The 1904-1905 Welsh Revival was the largest Christian revival in Wales during the 20th century. It was one of the most dramatic in terms of its effect on the population, and swept the rest of Britain, Scandinavia, parts of Europe, North America, the mission fields of India and the Orient, Africa, and Latin America.

The Welsh Revival has been described not as an isolated religious movement, but as very much a part of Britain's modernization. It began in late 1904 under the leadership of Evan Roberts, a 26-year-old former collier and minister in training. The revival lasted less than a year, but in that time 100,000 people were converted in Wales.

Unlike earlier religious revivals based on powerful preaching, this revival relied primarily on music and on alleged supernatural phenomena exemplified by the visions of Evan Roberts.

As stated by one observer, “the revival is born along upon billowing waves of sacred song. It is to other revivals what the Italian opera is to the ordinary theater. It is the singing not the preaching that is the instrument which is most efficacious in striking the hearts of men.”

Another states, “three fourths of the meeting consists of singing. No one uses a hymn book. No one gives out a hymn. The last person to control the meeting in any way is Mr. Evan Roberts. People pray and sing, give testimony, and exhort as the spirit moves them.”

The singing part of the revival is so very Welsh.

A line from the 1941 Oscar-winning adaptation of Richard Llewellyn’s novel How Green Was My Valley, a story about a Welsh mining community at the turn of the 20th century, reads: “Singing is in my people as sight is in the eye”. And this is true; the Welsh grow up singing in school, at parties, in church. They compete in the National Eisteddfod, the largest festival of competitive poetry and music in Europe established in 1861 but tracing its origins back to the Middle Ages. Eisteddfod literally means chair, which was the prize given to the best poet each year.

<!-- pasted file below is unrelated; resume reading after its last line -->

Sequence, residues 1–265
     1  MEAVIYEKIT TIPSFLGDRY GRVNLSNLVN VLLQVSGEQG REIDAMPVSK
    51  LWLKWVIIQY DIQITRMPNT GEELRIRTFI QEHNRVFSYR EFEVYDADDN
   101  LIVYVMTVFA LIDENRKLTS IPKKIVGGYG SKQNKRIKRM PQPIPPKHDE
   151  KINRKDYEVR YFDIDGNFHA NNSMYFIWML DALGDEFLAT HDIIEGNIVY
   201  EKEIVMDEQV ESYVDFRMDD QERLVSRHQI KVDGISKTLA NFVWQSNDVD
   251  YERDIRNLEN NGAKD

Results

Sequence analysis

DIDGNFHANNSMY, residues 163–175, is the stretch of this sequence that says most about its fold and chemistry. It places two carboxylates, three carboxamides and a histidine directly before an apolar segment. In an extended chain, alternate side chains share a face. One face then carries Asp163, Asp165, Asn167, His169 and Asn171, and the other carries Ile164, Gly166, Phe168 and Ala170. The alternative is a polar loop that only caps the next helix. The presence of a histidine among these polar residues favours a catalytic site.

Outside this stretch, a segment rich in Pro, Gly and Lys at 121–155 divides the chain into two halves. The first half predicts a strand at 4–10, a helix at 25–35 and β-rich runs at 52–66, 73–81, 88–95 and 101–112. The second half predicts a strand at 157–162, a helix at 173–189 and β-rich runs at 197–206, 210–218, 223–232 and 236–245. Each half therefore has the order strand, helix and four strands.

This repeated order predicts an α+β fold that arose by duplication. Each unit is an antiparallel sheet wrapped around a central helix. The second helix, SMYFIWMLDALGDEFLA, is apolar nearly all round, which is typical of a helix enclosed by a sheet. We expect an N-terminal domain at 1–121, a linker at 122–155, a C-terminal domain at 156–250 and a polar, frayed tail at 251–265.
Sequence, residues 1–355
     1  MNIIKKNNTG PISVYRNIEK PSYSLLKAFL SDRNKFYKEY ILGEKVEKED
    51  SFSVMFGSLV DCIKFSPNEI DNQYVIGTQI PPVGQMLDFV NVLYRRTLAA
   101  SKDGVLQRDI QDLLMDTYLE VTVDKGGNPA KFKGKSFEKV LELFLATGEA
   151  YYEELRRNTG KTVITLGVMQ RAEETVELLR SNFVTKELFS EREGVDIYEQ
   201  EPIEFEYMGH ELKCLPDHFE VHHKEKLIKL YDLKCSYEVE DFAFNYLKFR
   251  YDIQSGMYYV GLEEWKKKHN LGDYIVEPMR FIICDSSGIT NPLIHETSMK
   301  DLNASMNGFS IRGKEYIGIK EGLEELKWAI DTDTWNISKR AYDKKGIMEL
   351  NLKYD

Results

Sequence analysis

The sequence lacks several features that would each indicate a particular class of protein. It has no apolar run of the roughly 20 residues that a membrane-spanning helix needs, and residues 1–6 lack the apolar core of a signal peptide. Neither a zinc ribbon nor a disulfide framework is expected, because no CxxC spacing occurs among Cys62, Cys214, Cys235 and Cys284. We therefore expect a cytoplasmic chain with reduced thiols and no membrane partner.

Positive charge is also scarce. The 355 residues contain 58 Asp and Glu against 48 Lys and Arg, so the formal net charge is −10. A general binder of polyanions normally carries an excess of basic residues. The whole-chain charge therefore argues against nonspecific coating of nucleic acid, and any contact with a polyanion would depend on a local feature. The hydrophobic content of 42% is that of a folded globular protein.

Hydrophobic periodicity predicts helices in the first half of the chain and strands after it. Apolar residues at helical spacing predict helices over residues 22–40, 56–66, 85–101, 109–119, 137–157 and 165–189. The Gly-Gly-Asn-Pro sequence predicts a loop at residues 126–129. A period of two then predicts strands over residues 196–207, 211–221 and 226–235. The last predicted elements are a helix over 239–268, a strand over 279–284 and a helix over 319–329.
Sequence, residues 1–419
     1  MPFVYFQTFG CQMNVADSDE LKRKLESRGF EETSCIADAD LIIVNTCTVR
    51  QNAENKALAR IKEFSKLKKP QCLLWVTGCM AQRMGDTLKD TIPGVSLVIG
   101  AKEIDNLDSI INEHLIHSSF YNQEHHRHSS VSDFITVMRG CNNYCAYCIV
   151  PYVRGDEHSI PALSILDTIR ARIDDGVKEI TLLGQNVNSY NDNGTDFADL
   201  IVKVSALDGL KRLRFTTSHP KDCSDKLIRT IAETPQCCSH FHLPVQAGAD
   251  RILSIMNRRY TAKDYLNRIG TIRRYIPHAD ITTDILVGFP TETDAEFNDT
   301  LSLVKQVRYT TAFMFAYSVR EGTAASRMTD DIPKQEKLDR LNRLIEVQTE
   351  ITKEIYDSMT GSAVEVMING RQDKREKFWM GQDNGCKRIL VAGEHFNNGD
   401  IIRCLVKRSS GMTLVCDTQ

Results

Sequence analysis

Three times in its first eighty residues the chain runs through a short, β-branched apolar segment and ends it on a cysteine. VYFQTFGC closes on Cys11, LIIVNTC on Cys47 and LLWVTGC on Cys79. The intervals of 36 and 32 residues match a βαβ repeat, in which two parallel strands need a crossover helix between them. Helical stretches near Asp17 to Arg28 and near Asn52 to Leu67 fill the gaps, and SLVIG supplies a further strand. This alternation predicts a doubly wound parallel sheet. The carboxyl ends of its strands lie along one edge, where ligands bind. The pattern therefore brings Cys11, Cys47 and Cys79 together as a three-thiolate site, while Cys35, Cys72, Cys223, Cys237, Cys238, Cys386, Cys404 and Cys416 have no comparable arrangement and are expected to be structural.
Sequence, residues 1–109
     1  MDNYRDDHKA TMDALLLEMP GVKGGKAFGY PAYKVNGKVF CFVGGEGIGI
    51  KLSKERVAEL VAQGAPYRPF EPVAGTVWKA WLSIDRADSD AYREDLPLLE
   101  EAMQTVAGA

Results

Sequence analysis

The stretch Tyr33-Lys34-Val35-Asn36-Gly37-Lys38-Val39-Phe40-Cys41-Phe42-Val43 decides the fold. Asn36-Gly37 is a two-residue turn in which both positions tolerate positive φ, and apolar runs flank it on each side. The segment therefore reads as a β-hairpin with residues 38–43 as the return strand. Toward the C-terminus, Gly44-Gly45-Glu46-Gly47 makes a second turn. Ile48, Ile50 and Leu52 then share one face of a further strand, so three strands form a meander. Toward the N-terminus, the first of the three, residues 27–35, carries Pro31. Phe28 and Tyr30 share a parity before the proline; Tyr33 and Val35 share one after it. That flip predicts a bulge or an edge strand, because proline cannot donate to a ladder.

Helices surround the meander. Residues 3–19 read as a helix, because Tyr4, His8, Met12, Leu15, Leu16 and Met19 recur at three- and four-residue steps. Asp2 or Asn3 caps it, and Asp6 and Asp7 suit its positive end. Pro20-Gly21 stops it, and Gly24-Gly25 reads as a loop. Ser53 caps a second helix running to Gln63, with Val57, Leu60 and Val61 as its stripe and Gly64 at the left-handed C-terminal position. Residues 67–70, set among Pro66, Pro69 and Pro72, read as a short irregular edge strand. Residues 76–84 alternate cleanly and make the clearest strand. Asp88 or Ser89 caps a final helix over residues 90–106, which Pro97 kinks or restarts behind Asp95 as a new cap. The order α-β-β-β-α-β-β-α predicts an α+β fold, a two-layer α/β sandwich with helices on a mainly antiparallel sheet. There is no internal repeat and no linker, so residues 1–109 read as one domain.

The Welsh sing like no other. An English visitor to the revival observed: “When these Welshmen sing, they sing the words like men who believe them. They abandoned themselves to their singing. We (the English) sing as though we thought it would not be respectable to be heard by the man next to us. No choir did I say? It was all choir and hymns. I stood and listened in wonder and amazement as the congregation on that night sang hymn after hymn, long hymns sung through without hymn books.”

I experienced this as a young man when I accompanied my dad to a Welsh service at Rehoboth Chapel in Delta, PA, just over the Maryland state line. After the service we stayed for an impromptu “sing song” as they called it. People just called out hymn numbers and the crowd joyfully united in song. If you’ve never experienced Welsh singing you must understand that it is rarely in unison...almost always in three- or four-part harmony.

My grandfather would have experienced the revival at work as well as at chapel. This prairie fire of faith went below ground as well as above. Miners carried their Bibles with them and sang the hymns as they walked to the pit and throughout the workday. As a direct consequence of the movement, pubs throughout Wales began to close for lack of business and it is said that the Yuletide of 1904 was the first true Christmas for many children of that generation. You see, father’s paycheck wasn’t going into the pub till, but was available for presents and a true Christmas feast.

My favorite consequence was the confusion of the pit ponies. These poor horses spent their lives underground, pulling coal carts and performing other tasks. They were driven and directed by loud blasphemous commands and physical abuse of the miners. It is said that the revival cleaned up the language and habits of the colliers to such a degree that the ponies were confused by the gentility of their reborn masters.

To be continued next week. College in England, across the ocean, The Titanic, Nova Scotia, Maryland ministry.